Nearly 10 Percent Of Former State Prisoners Reported Being Sexually Victimized During Confinement
WASHINGTON, May 17, 2012 /PRNewswire-USNewswire/ -- An estimated 9.6 percent of adult former state prisoners reported being sexually victimized during their most recent period of confinement, the Justice Department's Bureau of Justice Statistics (BJS) announced today. About 7.5 percent alleged that they were victimized while in a state prison, 1.8 percent while in a local jail, and 0.1 percent while in a post-release community treatment facility.
An estimated 3.7 percent of former prisoners said they were forced or pressured to have nonconsensual sex with another inmate that included manual stimulation and oral, anal, or vaginal penetration. About 5.3 percent reported an incident that involved facility staff.
These findings are based on the first-ever National Former Prisoners Survey (NFPS), a part of BJS's National Prison Rape Statistics Program which has collected corrections administrative records of reported sexual violence or allegations of sexual victimization directly from victims since 2004. The NFPS is representative of 510,800 former state prisoners who were under active parole supervision at midyear 2008.
The victimization rate reported by former state prisoners is more than double the 4.4 percent reported in the most recent BJS National Inmate Survey (NIS, 2008-09) of confined state and federal inmates. The difference may reflect longer exposure periods for former state prisoners compared to persons still in state prison.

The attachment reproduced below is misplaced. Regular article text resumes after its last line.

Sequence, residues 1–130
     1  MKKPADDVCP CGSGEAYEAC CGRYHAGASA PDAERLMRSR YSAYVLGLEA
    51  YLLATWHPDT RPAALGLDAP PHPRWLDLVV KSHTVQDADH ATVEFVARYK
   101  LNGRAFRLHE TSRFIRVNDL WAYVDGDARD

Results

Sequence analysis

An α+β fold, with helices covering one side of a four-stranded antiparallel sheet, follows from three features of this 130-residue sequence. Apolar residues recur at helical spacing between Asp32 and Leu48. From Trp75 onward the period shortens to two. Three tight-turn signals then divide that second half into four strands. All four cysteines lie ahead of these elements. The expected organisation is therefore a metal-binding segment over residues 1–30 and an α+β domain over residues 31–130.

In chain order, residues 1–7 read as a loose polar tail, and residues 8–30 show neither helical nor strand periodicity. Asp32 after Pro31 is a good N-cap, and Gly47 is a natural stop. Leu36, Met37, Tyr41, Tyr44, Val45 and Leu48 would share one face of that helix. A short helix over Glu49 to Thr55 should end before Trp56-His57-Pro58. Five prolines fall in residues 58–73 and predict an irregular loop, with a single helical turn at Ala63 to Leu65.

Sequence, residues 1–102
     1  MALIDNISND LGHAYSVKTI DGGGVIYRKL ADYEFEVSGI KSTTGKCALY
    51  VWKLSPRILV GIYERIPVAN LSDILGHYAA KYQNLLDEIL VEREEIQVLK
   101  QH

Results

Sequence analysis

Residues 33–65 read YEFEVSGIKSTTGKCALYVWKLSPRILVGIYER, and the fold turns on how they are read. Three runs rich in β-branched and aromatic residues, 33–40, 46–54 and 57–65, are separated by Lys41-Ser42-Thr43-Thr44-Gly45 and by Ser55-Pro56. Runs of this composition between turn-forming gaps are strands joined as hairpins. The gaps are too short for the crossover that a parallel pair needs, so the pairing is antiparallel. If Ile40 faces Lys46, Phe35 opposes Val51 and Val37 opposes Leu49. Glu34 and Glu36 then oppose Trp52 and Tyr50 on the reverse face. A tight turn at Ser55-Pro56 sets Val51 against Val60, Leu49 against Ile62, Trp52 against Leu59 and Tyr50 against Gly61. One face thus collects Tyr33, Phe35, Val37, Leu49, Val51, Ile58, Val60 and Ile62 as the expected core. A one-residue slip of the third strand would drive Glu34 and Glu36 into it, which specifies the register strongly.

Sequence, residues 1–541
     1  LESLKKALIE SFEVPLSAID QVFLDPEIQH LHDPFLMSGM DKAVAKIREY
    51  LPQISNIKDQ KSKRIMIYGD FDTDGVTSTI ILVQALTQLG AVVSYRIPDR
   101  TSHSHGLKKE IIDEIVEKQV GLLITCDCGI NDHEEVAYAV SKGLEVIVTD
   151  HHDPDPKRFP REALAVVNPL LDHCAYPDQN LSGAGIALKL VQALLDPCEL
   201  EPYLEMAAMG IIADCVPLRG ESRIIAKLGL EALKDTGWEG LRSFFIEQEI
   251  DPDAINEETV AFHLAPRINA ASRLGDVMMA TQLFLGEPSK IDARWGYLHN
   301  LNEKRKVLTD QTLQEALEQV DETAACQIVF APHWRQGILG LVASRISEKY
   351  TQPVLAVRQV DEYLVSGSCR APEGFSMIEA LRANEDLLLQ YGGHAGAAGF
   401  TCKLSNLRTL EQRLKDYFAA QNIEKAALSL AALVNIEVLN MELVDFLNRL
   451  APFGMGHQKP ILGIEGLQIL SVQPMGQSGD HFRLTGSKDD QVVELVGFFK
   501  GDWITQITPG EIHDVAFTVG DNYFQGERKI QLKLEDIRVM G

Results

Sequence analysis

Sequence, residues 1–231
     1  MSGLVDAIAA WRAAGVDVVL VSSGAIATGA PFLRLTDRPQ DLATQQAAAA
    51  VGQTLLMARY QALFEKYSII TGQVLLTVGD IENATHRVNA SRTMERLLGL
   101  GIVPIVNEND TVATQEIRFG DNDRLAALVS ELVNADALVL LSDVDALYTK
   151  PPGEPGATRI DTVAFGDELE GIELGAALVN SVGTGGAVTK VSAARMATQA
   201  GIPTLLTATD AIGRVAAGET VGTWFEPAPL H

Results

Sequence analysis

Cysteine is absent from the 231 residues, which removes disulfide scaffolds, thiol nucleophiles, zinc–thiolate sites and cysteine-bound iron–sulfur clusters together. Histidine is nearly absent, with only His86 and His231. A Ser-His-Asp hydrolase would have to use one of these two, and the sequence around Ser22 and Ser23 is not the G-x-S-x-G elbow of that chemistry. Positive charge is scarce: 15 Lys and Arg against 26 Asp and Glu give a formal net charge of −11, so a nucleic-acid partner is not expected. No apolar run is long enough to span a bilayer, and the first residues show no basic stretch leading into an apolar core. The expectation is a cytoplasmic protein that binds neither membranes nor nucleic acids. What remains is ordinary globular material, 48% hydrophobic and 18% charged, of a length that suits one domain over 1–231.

For example, former state prisoners described experiences that occurred during an average confinement of about 40 months, and reported incidents in multiple facilities, including jails, prisons, and halfway houses. In contrast, participants in the previous NIS described their experiences while in a single prison facility during an average confinement of 7.9 months.
The nature and pattern of sexual victimization observed in the former prisoner survey are similar to those found in the previous NIS, 2008-09.
Among former state prisoners, the rate of inmate-on-inmate sexual victimization was at least three times higher for females (13.7 percent) than males (4.2 percent).
Homosexual and bisexual male former prisoners reported high rates of victimization by other inmates. Thirty-nine percent of homosexual or gay males and 34 percent of bisexual males reported inmate-on-inmate victimization, compared to 3.5 percent of heterosexual males.
The rate of inmate-on-inmate sexual victimization for males was higher among inmates of two or more races (9.5 percent) and white non-Hispanic inmates (5.9 percent) than black non-Hispanic inmates (2.9 percent) and Hispanic inmates (2.7 percent).
Rates of staff sexual misconduct were higher for male inmates of two or more races (11.3 percent) and black non-Hispanic inmates (6.5 percent) than for white non-Hispanic inmates (4.5 percent) and Hispanic inmates (4.0 percent).
Among all victims of inmate-on-inmate sexual violence, a quarter said they had been physically held down or restrained and a quarter had been physically harmed or injured. About 29 percent of all victims reported bruises, black eyes, sprains, cuts, scratches, swelling, or welts from one or more incidents involving another inmate. Nearly a quarter (23 percent) also reported more serious injuries, including anal/vaginal tearing (12 percent), chipped or lost teeth (12 percent), being knocked unconscious (8 percent), internal injuries (6 percent), knife/stab wounds (4 percent) or broken bones (4 percent).